The policies that are leading to monetary union are destroying jobs on the continent of Europe, and they need to be reversed. There is no need for all those people to be out of work in France, Italy and Germany. It is the direct result of exchange manipulation, and the interest rate and budget policies required under the Maastricht treaty. Those countries would be much better advised to take a leaf out of our book and to have floating exchange rates and interest rates that really work for their economies--policies that promote growth rather than stifle it.

On the other issues, I hope that the Government will demand a better deal on beef and fish. I hope that they will say that independent nations co-operating with one another cannot be answerable to a supreme court that overturns Acts of Parliament. Of course there needs to be a court to adjudicate trade disputes between parties, but it should have some limit on its power if it wishes to overturn sovereign decisions of sovereign Parliaments, solemnly expressed in the light of the treaty and the advice of the European institutions.

I hope that we will say that we want a clear opt-out on social and employment policy, which really works. I trust that we will be saying that, on matters of the European budget, we do not want any more money to pass to European institutions--certainly not before they have tightened up on fraud and waste, and probably never, because we find their present requirements high enough.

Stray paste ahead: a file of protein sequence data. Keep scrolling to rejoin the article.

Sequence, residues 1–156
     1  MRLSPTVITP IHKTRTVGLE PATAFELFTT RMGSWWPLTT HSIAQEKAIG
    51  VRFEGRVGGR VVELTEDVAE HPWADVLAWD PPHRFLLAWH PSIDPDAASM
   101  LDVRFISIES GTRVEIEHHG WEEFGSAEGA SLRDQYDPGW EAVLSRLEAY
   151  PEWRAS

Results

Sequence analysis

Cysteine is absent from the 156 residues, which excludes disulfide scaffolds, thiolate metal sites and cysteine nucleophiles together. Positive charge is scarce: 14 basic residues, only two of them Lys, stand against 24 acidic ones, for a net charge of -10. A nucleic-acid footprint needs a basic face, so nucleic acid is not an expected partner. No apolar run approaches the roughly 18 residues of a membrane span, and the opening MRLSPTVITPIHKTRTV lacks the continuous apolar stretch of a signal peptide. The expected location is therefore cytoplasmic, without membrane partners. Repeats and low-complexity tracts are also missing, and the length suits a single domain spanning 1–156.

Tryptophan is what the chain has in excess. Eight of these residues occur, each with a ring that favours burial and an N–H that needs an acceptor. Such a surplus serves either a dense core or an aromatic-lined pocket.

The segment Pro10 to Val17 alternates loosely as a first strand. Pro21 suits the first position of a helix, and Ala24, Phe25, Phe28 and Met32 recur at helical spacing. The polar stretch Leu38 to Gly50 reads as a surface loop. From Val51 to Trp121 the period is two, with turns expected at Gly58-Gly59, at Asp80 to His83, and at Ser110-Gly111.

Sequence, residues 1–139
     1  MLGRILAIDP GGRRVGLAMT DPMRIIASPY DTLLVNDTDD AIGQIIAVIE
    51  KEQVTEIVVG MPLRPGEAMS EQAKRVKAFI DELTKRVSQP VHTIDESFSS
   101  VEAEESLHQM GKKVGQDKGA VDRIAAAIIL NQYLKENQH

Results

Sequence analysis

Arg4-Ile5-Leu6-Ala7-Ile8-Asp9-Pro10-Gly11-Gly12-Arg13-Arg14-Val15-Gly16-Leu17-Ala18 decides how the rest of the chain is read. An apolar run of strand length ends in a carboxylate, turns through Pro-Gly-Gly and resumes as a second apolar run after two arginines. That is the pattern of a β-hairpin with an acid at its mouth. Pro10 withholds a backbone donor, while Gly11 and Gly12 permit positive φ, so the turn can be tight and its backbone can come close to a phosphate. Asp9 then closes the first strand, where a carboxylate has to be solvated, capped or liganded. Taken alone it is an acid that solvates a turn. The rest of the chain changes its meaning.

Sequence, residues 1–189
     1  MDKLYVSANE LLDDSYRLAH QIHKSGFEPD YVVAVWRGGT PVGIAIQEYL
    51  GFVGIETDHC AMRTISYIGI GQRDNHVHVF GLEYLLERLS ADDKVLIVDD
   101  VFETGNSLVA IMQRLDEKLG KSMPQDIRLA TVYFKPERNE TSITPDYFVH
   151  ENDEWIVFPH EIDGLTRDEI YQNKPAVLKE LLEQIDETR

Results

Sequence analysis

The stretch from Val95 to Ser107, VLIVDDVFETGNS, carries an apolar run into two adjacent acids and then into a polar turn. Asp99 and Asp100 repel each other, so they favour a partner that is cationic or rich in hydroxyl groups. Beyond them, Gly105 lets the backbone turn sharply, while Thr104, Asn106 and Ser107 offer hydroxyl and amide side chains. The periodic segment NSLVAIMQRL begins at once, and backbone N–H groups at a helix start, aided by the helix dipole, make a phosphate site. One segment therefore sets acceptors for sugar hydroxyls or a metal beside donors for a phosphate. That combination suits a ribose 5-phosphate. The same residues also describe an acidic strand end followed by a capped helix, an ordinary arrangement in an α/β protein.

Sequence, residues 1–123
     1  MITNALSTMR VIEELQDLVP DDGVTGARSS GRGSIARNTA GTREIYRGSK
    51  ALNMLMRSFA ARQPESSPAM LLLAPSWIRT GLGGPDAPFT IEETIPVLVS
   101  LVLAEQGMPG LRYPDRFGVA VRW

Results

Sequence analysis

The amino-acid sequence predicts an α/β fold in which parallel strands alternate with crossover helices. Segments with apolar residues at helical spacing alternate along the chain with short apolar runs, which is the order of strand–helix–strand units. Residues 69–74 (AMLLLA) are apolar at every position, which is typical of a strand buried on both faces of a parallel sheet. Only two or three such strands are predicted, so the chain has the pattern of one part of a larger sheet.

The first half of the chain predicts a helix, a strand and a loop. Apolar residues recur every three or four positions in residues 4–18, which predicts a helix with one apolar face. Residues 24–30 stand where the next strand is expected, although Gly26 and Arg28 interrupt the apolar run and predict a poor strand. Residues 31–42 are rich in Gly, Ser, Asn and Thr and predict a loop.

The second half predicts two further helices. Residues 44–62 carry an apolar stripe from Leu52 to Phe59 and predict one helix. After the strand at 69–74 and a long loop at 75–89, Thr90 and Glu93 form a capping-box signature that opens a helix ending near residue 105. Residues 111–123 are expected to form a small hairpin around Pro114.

I do not believe that it is unrealistic to negotiate that agenda. We have vetoes over every treaty change that other members states wish to propose--over the regulations they need to develop their currency union. We should use those vetoes constructively, saying that we will not lift them so that they can progress in the way that they want until we, Britain, have got the satisfaction we deserve on the fish, beef, court and budget issues--things that matter very much to us.

We should go in there proud that we are the second biggest contributor financially to the Community, proud that we make a big contribution to western European defence, proud that we are a successful economy trading within the European Community and well beyond it, and proud that we are a global nation with global vision, capable of influencing around the world and trading--